I attended the “Cell and Tissue Morphogenesis” minisymposium this morning and, I have to say, the co-chairs Darren Gilmour (EMBL) and Cheryll Tickle (University of Bath) put together a fantastic program of speakers. Gilmour began by reminding the audience that cell biology and developmental biology have common origins: much of the early cell biological work by scientists such as Theodor Boveri was conducted in developing embryos, and it was only with the advent of cell culture that the cell and developmental biology fields drifted apart.
But recent years have seen cell biology return to more developmental contexts, a trend amply illustrated by the talks that followed Gilmour’s introduction. Rodrigo Fernandez-Gonzalez, from Jennifer Zallen’s lab at Memorial Sloan Kettering discussed his work showing that tissue tension within elongating Drosophila embryos feeds back to stabilize myosin II at cell junctions so that the actin-based motor can drive the cell rearrangements necessary for further tissue elongation. Ronen Zaidel-Bar (National University of Singapore) followed with a presentation of his recent JCB paper showing that the membrane-bending protein SRGP-1 promotes intercellular adhesion formation.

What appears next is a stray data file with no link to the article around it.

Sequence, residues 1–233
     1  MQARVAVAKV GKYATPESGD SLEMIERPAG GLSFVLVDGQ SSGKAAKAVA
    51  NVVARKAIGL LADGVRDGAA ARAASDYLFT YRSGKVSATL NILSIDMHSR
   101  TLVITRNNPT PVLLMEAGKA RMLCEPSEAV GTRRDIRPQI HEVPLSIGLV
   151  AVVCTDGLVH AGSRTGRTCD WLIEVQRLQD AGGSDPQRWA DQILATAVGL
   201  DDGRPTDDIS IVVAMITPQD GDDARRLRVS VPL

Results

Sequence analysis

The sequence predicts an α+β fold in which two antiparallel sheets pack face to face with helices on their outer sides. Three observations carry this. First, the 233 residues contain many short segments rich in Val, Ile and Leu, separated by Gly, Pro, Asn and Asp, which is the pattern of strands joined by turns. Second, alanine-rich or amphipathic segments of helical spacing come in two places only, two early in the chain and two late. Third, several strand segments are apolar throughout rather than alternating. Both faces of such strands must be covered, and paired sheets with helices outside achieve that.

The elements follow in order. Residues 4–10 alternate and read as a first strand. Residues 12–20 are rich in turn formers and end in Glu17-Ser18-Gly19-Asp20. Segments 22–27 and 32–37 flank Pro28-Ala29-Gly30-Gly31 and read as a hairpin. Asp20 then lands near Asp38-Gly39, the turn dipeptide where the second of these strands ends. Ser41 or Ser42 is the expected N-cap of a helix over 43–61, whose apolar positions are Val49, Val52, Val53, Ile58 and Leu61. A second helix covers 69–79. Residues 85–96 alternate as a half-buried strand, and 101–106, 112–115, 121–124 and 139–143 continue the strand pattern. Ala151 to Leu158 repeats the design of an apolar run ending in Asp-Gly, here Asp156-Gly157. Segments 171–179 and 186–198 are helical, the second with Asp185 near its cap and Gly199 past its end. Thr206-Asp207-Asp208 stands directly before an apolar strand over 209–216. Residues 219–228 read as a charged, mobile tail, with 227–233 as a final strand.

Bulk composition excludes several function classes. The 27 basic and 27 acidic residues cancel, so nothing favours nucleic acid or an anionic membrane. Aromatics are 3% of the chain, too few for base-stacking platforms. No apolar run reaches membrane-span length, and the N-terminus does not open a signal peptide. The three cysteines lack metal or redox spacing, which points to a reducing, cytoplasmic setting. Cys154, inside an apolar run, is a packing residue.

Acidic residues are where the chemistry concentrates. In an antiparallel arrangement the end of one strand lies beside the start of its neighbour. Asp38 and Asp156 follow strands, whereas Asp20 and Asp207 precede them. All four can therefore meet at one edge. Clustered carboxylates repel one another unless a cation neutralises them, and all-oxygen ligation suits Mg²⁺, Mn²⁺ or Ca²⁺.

Lance Davidson (University of Pittsburgh) returned to the theme of embryo elongation mechanics using what I thought was a really cool system: explanted pieces of Xenopus embryos that continue to undergo morphogenetic movements in vitro as if they were still in an intact embryo. Davidson has used this system to measure the stiffness of different parts of the embryo as it elongates and determined that this property of developing Xenopus tissues is controlled by the actomyosin cytoskeleton. Surprisingly, tissue stiffness increases when microtubules are depolymerized with nocodazole, due to the release of a Rho GTPase exchange factor that stimulates actin assembly.
Gilmour himself finished off the session with a presentation of his studies on the Zebrafish lateral line primordium. This too is a really cool system. The lateral line primordium is a group of cells that migrate collectively through the zebrafish, forming and depositing mechanosensory hair cell organs at regular intervals along the way. Cells at the front of the migrating promordium have a mesenchymal phenotype but the trailing cells are more epithelial in character. The primordium needs both types of cells to migrate along the lateral line. Gilmour described some of the signaling mechanisms (such as FGF) that organize the two cell types and how they coordinate with each other to facilitate persistent directional migration of the entire tissue. As Gilmour said in his introduction, the beauty of reintroducing cell biology into a developmental context is that it allows researchers to study the influence that cells have on each other.
Image © Zaidel-Bar et al., 2010